Feeling homesick, he got out of his contract with the Tiger-Cats after only a few weeks and returned to the United States, where he got his second kick at an NFL camp with Rex Ryan and the New York Jets. Same division, similar story, as he was limited to just 73 snaps in the 2013 preseason and was released after spending a month on the Jets practice squad.
Cue the doubts.
"I felt like I had a solid camp again," he said. "I kind of got to play a little bit, and it's another level of disappointment. It had me questioning myself like, 'What am I doing that's not right?' I feel like my confidence in my talent and my game never wavered, but it's like when are these speed bumps gonna stop, and when am I gonna find a home?"
But while he didn't find a home at his next stop, either, his experience with the Buffalo Bills in the summer of 2014 was different. Only five defensive players were on the field more often than he was that preseason, and he flourished with five tackles and 10 pressures on 144 snaps.
"I got a chance to play a ton in the preseason," he recalls, "and I had a feeling I'd get a chance somewhere else because of that. It felt totally different in Buffalo—it was the most comfortable I've ever been in the league, and I found myself playing really fast, and I feel that helped me out a lot."
Added Arnold: "People might say he had opportunities in places before Buffalo, but I'd beg to differ on that because to get a real opportunity, you need to get significant reps. And he didn't get significant reps until that preseason. Once he got that, the rest is really history."
He made Buffalo's 53-man roster but was released after Week 1, caught up in a numbers game as the team brought Nigel Bradham back from suspension. The Bills, who have one of the deepest and most talented defensive lines in football, just didn't have space.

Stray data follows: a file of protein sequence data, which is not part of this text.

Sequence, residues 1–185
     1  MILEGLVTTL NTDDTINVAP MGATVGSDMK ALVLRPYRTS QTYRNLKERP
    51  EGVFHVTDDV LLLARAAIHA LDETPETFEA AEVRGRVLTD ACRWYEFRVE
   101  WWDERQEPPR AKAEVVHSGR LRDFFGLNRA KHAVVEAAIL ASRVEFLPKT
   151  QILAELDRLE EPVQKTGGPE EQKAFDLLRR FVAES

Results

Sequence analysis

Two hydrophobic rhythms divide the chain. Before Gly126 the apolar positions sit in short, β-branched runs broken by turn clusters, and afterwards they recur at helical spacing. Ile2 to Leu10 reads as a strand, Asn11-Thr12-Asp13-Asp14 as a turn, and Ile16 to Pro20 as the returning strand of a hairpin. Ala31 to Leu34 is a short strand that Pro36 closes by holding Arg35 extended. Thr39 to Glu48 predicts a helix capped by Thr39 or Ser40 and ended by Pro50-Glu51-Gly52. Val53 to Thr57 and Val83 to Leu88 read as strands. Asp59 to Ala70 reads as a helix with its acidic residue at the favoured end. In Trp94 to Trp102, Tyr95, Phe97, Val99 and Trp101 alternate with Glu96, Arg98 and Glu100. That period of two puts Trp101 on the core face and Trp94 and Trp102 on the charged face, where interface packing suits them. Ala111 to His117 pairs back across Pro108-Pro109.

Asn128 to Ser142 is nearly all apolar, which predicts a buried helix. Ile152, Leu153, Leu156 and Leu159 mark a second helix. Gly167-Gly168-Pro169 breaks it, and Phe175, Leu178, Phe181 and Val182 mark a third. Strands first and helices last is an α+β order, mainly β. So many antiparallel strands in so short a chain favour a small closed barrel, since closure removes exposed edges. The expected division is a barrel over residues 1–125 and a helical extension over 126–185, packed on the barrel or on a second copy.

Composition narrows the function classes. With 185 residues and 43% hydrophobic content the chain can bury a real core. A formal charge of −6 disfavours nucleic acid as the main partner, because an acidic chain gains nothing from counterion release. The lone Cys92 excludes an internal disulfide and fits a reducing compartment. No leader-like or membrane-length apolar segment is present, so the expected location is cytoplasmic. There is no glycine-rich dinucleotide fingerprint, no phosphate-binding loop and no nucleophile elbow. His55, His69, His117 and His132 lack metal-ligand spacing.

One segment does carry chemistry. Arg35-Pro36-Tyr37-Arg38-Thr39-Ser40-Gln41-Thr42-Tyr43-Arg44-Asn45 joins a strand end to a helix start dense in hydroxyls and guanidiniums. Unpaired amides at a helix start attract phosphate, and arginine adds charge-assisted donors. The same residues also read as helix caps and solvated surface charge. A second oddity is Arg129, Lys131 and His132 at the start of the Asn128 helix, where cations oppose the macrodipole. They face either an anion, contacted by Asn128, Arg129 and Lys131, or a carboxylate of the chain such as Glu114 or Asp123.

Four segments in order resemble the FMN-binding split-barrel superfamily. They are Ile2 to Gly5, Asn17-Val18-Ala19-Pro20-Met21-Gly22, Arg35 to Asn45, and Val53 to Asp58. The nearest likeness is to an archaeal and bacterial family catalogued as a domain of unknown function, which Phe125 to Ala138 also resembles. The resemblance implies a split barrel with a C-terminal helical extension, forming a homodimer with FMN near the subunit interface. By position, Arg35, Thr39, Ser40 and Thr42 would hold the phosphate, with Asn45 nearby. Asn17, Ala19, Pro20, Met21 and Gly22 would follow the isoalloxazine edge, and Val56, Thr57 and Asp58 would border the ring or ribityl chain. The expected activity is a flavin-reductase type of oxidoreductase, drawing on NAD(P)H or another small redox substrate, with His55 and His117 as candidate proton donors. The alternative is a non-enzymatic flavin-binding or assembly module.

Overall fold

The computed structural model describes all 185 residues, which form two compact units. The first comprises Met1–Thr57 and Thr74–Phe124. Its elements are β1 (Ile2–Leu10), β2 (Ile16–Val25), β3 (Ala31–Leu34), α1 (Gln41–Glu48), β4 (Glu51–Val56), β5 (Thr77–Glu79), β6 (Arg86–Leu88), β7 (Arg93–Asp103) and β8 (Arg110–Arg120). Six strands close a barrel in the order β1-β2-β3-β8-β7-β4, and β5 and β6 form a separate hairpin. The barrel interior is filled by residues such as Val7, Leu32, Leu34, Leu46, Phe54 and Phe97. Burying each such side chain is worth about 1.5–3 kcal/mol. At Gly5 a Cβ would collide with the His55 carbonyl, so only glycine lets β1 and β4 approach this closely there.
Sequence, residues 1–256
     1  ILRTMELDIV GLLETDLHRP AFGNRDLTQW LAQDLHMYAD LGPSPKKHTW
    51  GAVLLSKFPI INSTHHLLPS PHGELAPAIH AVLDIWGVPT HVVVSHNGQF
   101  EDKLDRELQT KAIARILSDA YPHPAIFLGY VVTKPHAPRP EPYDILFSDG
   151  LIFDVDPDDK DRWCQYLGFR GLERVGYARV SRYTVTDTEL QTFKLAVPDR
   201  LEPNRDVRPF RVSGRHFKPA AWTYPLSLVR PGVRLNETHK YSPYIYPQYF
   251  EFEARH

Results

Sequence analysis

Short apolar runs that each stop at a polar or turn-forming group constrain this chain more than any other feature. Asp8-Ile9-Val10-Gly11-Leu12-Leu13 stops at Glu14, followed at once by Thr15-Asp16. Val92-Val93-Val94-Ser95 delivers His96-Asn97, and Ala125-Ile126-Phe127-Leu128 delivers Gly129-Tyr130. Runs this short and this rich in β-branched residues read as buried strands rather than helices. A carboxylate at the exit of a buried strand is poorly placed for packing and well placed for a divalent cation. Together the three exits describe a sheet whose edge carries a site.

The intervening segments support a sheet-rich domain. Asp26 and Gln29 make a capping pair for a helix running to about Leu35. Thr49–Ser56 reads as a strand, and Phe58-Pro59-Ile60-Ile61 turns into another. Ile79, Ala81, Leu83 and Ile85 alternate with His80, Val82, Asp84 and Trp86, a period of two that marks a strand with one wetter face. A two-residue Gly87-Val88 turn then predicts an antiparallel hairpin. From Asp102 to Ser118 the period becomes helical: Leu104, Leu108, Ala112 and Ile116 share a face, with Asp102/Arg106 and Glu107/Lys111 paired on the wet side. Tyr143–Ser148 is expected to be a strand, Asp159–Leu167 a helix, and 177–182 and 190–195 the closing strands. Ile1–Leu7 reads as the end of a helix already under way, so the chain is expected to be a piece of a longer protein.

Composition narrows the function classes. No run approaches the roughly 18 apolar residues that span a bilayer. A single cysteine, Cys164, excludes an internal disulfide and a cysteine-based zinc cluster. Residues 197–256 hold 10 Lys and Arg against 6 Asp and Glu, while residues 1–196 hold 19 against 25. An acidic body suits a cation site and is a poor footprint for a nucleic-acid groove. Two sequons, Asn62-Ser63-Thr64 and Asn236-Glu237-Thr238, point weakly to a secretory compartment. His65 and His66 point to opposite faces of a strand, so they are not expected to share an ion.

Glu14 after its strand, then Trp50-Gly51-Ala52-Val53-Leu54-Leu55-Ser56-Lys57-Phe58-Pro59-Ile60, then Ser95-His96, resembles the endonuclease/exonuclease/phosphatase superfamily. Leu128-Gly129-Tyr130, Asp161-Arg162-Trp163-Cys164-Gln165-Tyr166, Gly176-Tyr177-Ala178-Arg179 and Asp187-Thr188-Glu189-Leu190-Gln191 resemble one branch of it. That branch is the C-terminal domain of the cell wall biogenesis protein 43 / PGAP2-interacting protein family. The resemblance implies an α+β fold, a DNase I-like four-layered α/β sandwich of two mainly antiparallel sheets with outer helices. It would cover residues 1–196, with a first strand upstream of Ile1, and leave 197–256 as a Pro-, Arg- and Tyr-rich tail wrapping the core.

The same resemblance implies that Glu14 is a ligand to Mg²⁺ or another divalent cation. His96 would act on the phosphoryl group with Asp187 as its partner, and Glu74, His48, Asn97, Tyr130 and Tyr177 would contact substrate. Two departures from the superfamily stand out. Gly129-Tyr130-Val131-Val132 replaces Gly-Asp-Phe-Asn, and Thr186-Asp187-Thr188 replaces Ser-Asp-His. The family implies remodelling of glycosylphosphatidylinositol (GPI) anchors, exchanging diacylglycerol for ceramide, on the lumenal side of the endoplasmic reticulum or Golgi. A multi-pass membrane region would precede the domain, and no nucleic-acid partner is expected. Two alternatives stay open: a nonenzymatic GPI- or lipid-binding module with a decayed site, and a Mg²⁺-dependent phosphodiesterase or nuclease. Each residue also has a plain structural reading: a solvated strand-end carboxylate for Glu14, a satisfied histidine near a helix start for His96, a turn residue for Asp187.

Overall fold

Thing is, Smith was stuck behind too many high-quality defensive linemen in each of his first three spots, which is why he wasn't sticking despite the fact he had a lot of important folks believing in him. He remembers receiving extremely positive feedback from then-Dolphins defensive line coach Kacy Rodgers as well as Ryan, then-Bills head coach Doug Marrone and then-Buffalo defensive coordinator Jim Schwartz, all of whom figured he'd make it big elsewhere.
"Even though the numbers didn't work out, a lot of them told me they really didn't want to release me and they wanted to bring me back," he said. "But they flat-out told me, 'Once we put you on the waiver wire, you're probably not going to be back with us because we know another team's going to pick you up.' And that held true."
|Jacquies Smith's road to NFL stardom|
|Missouri (Big 12)||2008-2011||13 sacks in four years|
|Miami Dolphins||May-Aug. 2012||0 tackles, three preseason games|
|Hamilton (CFL)||October 2012||One tackle in limited action|
|New York Jets||Dec. 2012-Aug. 2013||73 preseason snaps|
|Buffalo Bills||Dec. 2013-Sept. 2014||144 preseason snaps|
|Tampa Bay Buccaneers||Sept. 2014-present||10.5 sacks in 19 games|
When Bills general manager Doug Whaley released Smith last September, Arnold told him he was "making a big mistake" and that he'd "never see Jacquies again." But Whaley probably knew that. It seems everybody did.
The benefactors were the Buccaneers, who claimed Smith that week in what might have been the best move thus far in general manager Jason Licht's short tenure.
While he says it took him some time to get the scheme down in Tampa, by the time November arrived, Smith was getting regular rotational reps. In a midseason meeting with defensive line coach Joe Cullen and defensive coordinator Leslie Frazier, he says he was told he'd be seeing increased reps in order to show the coaching staff what he's got in him.
Smith started his first career game in Week 10 against the Atlanta Falcons. The next week in Washington, he played a career-high 48 snaps and recorded two sacks and five pressures. From that point forward, he replaced William Gholston as the regular starter opposite Johnson.
"I kind of took [the increase in snaps from Cullen and Frazier] as a challenge," he said, "and that Washington game is when it happened. That's when I feel like it all started coming together."
It has indeed come together, which is why he leads the NFC in sacks entering Week 5.
Success, though, means never being satisfied, and Smith knows his best strategy might be to find new obstacles. He's finally gained some job security and comfort at the NFL level, but now he's setting his sights on a new goal.
"I'm trying to get to double-digit sacks," he said, "because that kind of puts you in the elite crowd. A lot of guys around the league, that's kind of where they want to get to season in and season out."
If he keeps plowing through speed bumps, that might happen before 2015 has expired. And he'll probably have at least a few more Twitter followers, too.
Brad Gagnon has covered the NFL for Bleacher Report since 2012. Advanced stats via Pro Football Focus.